Python is readable

Steven D'Aprano steve+comp.lang.python at pearwood.info
Fri Mar 16 19:50:31 CET 2012


On Fri, 16 Mar 2012 17:53:24 +0000, Neil Cerutti wrote:

> On 2012-03-16, Steven D'Aprano <steve+comp.lang.python at pearwood.info>
> wrote:
>> Ah, perhaps you're talking about *prescriptivist* grammarians, who
>> insist on applying grammatical rules that exist only in their own
>> fevered imagination. Sorry, I was talking about the other sort, the
>> ones who apply the grammatical rules used by people in real life. You
>> know the ones: linguists. My mistake.
> 
> I am not pedantic. You are wrong.


Whether you like it or not, it simply is a fact that in English (I won't 
speak for other languages) people use colons without the first clause 
*necessarily* being a complete sentence. They write things like this:

    Star Wars Episode IV: A New Hope

Also like these:

    Example: this is an example of a colon following a sentence fragment.

    Last update: Oct 4, 2007.

    Shopping list:
    - eggs
    - milk
    - cheese

They even use the reverse construction:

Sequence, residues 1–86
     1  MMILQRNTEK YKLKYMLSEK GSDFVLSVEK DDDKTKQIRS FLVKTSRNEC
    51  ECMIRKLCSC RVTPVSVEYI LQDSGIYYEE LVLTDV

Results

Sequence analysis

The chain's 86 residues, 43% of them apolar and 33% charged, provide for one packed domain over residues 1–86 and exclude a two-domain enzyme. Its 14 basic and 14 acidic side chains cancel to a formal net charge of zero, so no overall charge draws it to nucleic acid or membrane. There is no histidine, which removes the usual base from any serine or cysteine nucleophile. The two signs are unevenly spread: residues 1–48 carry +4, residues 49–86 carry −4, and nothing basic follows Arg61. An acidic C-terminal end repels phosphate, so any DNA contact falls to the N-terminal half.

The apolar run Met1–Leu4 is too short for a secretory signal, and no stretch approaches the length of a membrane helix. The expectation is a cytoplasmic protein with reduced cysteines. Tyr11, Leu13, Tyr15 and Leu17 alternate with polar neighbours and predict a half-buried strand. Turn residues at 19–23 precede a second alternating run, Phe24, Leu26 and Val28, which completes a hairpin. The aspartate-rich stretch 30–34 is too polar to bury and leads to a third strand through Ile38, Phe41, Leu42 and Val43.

Lists, quotations, explanations, examples: some of the things 
    which follow after a colon.

Check the use of colons here:

http://articles.baltimoresun.com/2012-03-15/features/bal-the-raven-reviews-20120313_1_edgar-allan-poe-john-cusack-mystery-writer

I count at least ten colons on the page (including the title) and *not 
one of them* uses a complete sentence before the colon.

While it is common for the clause preceding the colon to be an 
independent clause (i.e. it would stand alone as a complete sentence) it 
is not required that it be so.


I think I'll end this with a quote from Gore Vidal:

"The four most beautiful words in our common language: I told you so."

http://grammar.about.com/od/c/g/colon.htm



-- 
Steven



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